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I used to be depressed. As in, I was diagnosed with depression in 1997.

Over the last ten years, I’ve come up with different ways to deal with how I am. One is that I rate how I’m feeling on a scale from -100% to +100%. So I just accept where I am on the scale, and adjust appropriately.

I don’t believe in depression, as a ‘disease’. And the problem with when I’ve got a theory is that occasionally, I’ll find reinforcement for it, and then there’s no stopping my unconventional beliefs. The best advice I ever heard regarding depression comes from this documentary from a few months ago. It’s the story of Brian Egan, a navy veteran who’d seen some pretty awful things during his service, then tried to become a farmer and lost the family farm. He ended up suicidal in a hospital, and a doctor told him “Find someone worse off than yourself Brian, and help them.” So he did. It was the best advice anyone gave him, and it’s the best advice anyone with ‘depression’ can hear.

Too many ‘depressed’ people are treated in the worst possible way by those around them. They are indulged. The only real way to deal with depression is to get off your arse and fix it. Find things you care about, and immerse yourself in them. Find a wrong, and make it right. Accept what you are, and how you are, and get on with life. Everything else – counselling, drug therapy etc is just bullshit. Depression saps your will to cure yourself. It destroys your self-motivation. So it takes effort to overcome the inertia and get off your butt. But it’s the only cure there is. Life’s there to be lived. Stop fucken whinging and get on with it. Noone ever died wishing they’d watched more TV.




  1. I really like this post and couldn’t agree more.

    Many years ago, I had a partner who was psychotic in all kinds of ways. Over time, both during our relationship and thereafter, I came to realise that many of the symptoms she had were actually side-affects of the anti-psychotic medication and an over-indulgence in her own ego/indolence.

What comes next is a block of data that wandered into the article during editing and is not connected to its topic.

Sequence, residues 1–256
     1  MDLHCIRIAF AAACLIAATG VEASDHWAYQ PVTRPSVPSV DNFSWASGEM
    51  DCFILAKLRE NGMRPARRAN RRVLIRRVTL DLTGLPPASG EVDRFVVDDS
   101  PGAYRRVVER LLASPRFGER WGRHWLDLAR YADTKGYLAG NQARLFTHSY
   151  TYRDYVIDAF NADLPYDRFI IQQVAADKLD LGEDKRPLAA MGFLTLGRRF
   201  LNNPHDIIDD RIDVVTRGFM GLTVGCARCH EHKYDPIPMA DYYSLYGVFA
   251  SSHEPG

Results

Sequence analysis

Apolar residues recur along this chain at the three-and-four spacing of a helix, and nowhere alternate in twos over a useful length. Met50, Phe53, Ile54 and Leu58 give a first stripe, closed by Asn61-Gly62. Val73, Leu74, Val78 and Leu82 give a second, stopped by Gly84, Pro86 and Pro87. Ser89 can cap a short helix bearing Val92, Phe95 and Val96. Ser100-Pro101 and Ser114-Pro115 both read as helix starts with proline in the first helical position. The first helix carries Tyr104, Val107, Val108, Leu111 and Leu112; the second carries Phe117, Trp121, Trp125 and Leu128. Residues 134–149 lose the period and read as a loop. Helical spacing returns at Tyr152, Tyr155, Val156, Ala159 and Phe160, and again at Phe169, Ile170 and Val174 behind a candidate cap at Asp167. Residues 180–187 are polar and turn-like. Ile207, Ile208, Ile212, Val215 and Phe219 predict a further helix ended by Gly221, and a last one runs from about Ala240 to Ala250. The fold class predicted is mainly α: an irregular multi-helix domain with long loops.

Her doctor would increase her medication and then listen to her relate stories of ever more bizarre dreams- which he interpreted to be indicative of her illogical thought patterns. There was a clear correlation between how whacky her dreams were and how much medication was being pumped into her. Later experimentation with my own brief attempt at medication confirmed this, as well as comments from other people with similar experiences.

    At the same time, everyone around her was saying “You’ve got a disease. You’ve got to learn to manage it with medication and accept that you’ll never be able to live a normal independent life.” She accepted this and very willingly played into this role.

    I was the first person in her life to tell her to get off her arse and take some responsibility for herself. Regardless of whether she had an illness or not- if it were Diabetes or a missing limb she would have just accepted it, developed coping mechanisms and then got on trying to lead as fulfilling a life as possible.

    As it stood, her life was basically on hold for 10 years until between myself and her new partner, she got not only the support but also the kick and consequent confidence to embrace life. She was extremely angry that those around her had allowed her to lose 10 years of her life.

    When I met her, just the thought of having to sit an exam at uni would lead to a nervous breakdown. Now, she’s topping the year studying Law/Arts and kicking arse in all kinds of ways.

    I get depressed- we all do sometimes- and some more than others.

    As Ray Davies from the Kinks says in his Autobiography: “I’ve always accepted that my depression was going to be there at times regardless of whether I wanted it or not. I learned to treat it like the weather- some days it’s dark and gloomy, and some days it’s not. Likewise, you can’t sit inside moping all day just because the weather’s rotten.”

  2. That’s partly true, and partly so untrue it’s almost scary. Yes, getting motivated and getting out there and doing stuff is a great fix for depression. Exercise produces the kinds of endorphins needed to life your mood. Sex is great too 😉 Finding a cause can be awesome.

    The part you so briefly touched upon, however, is the fact that in order to do that, you need to be “well” enough to even have the energy to get out of the house. “it takes effort to overcome the inertia” is probably one of the greatest understatements I’ve ever heard.

    You’re generalising. SOME people are indulged and some are supported and it’s the support and understanding they need. Telling them to “get over it” is about the most counter-productive thing anyone could possibly do because all it does is enhance and hone in on their struggle to do just that.